CNN logo

Infoseek/Big Yellow

Pathfinder/Warner Bros

Barnes and Noble

Main banner

Review: 'Matchmaker' -- Super Garofalo, so-so movie

image strip October 1, 1997
Web posted at: 10:08 p.m. EDT (0208 GMT)

From Movie Reviewer Paul Tatara

(CNN) -- It's time to face the facts. My name is Paul, and I am in love with Janeane Garofalo. I mean that quite literally. I will volunteer right now to marry Janeane Garofalo. I'll cook for her and I'll let her yell at me when she's mad. I'll bring her flowers. I'll clean the scum on the shower curtain. I won't say anything if she mocks Bob Dylan's voice, and I'll let her try out new jokes on me. Janeane, if you're reading this, now is your opportunity to forever disregard the very concept of self-improvement. You're honest, endearing, talented, and sharp as a tack just the way you are.

vxtreme "The Matchmaker" movie trailer.

It would be nice, though, if somebody could put my future wife in a movie that's worthy of her considerable gifts.

"The Matchmaker," starring you-know-who, is not a terrible movie by any means. It has a few charming moments, all of the performances are agreeable, and it takes full advantage of the gorgeous Irish countryside. It simply isn't all that funny. That's not to mention the storyline, which wanders all over the place, like it's a partially trained puppy going for a walk. The real sin, however, is that Garofalo is sometimes forced to act overtly precious and do "movie things," like fall head-over-heels for a shmuck who isn't me, and deliver a little speech on senatorial campaign ethics.

She plays Marcy, a Boston-based staff worker who does the grunt work for incumbent Senator John McGlory (Jay O. Sanders). McGlory needs to generate some good will if he wants to pull off a re-election bid, so he and his heartless campaign manager (Denis Leary) send Marcy to Ireland, where she's supposed to track down McGlory's relatives in the old country. This is supposedly going to give him the edge in the land of Kennedy, where, I guess, people vote for political candidates solely on the basis of shared ancestry. (He might also re-consider his campaign slogan, "Hey-ho! Let's go!" I'm no expert, but a senator aligning himself too closely with The Ramones is probably ill-advised.)

When Marcy gets to the picturesque village of Ballinagra, she (quite to her dismay) stumbles into the annual Matchmaking Festival, in which women from around the countryside are bused in to be hooked up with the hardy bachelors of the village. Marcy, being way-appealing (see first paragraph), is soon set upon by everyone in the neighborhood who gets a little thrill out of an American accent. This includes Sean (David O'Hara), a former journalist who has fled to this place to mend a broken heart. Sean and Marcy don't like each other at first, but you have definite cranial problems if you think that situation isn't going to change drastically by the end of the movie. That kissy-huggy finale, by the way, will not disappoint end-of-movie freeze frame fanatics. Stop me if you've seen this one.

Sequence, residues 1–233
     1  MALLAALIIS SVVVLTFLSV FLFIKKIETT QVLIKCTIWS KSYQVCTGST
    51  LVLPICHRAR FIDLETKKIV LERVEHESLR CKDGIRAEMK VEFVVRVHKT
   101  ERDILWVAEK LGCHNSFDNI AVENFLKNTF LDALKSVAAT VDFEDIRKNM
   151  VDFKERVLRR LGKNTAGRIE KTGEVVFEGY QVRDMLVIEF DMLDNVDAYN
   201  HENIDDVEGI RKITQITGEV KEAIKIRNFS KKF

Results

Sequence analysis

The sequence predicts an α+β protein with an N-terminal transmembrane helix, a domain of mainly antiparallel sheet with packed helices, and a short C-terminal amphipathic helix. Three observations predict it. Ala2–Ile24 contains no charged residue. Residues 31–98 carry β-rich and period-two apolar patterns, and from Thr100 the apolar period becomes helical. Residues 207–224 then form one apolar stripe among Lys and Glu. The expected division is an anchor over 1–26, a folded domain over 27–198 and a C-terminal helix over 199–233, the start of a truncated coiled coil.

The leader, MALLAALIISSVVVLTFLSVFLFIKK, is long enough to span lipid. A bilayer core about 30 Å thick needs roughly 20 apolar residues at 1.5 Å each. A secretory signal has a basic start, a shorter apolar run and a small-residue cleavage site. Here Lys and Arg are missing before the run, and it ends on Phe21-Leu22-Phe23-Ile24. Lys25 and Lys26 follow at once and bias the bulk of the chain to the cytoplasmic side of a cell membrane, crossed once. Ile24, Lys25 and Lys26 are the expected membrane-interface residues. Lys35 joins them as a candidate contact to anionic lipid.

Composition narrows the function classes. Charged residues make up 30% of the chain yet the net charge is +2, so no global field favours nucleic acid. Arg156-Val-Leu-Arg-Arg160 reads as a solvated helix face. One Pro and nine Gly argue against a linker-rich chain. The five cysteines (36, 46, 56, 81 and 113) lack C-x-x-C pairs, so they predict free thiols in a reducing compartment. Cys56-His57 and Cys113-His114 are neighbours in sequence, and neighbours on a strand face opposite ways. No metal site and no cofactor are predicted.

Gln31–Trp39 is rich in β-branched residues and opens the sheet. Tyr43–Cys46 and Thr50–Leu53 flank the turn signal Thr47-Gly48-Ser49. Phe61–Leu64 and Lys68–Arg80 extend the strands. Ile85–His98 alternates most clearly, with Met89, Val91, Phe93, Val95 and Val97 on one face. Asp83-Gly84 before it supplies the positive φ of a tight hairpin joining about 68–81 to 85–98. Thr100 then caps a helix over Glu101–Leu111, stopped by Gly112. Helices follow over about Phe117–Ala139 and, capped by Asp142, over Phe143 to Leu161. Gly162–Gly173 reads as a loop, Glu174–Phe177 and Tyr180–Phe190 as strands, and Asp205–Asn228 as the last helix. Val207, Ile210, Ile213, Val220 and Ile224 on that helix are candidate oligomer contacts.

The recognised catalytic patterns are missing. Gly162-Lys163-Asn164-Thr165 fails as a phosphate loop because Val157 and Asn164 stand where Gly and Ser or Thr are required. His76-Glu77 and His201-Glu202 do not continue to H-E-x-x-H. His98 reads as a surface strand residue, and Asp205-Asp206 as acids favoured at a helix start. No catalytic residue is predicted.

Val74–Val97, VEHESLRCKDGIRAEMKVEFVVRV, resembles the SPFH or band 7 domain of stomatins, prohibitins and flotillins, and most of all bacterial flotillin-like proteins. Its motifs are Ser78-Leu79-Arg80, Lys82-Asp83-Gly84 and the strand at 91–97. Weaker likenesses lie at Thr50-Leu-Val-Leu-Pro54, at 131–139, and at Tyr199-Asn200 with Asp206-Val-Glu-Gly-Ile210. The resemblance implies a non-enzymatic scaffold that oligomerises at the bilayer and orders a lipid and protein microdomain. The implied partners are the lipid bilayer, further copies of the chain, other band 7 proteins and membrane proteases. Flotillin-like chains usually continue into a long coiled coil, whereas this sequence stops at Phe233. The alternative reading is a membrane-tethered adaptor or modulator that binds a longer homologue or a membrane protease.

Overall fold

Movie clip from "The Matchmaker" (Courtesy Gramercy Pictures)
video icon 3.1 MB/25 sec. QuickTime movie

This is supposed to be held together by little interludes concerning one of the two local matchmakers (Milo O'Shea, who you may know as the Irish judge in "The Verdict.") O'Shea is sometimes amusing when explaining, in not-very-scientific detail, exactly how matchmaking works. It's just that his character, and the whole concept of matchmakers, isn't really necessary. It skirts around the edges of the story for the very good reason that Marcy is too smart and modern to have anything to do with something so antiquated. Another major flaw is that David O'Hara really isn't much of a romantic lead. His entire being generates about one-third the charisma that Garofalo can flash with her teeth.

In fact, her sheer appeal carries the entire movie for the first 20 minutes, when there's nothing going on except for Marcy marching from building to building, trying to locate the senator's kin. I had really high hopes for the rest of the film at this point because (for a little while, anyway) Garofalo is allowed to wield the kind of dagger-like sarcasm that best suits her. Like I already said, though, everything eventually turns into a big pile of marshmallows. I can live with a sugary ending (this kind of story practically requires it), but I'd prefer one lump right at the end, instead of a steadily increasing dose spooned in throughout the third act.

I have no idea if she has an inclination toward it, but Garofalo should consider writing her own screenplay. On stage, her observational humor has a biting, tired humanity to it that's always missing from her film roles. Let her consistently sigh and moan at the absurdity of it all, and maybe punch somebody in the mouth at some point. An actress this unique, and with this much natural backbone, should be allowed to assert her position.

"Matchmaker" has a couple of sex-based jokes, but they're absolutely harmless. Some profanity, too. No nudity. I couldn't imagine anyone being offended by the film, but you won't be phoning relatives, either. Rated R. 90 minutes.


Related story:

Related sites:

Note: Pages will open in a new browser window

External sites are not endorsed by CNN Interactive.

Infoseek search  

Message Boards Sound off on our
message boards

You said it...
To the top

© 1997 Cable News Network, Inc.
All Rights Reserved.

Terms under which this service is provided to you.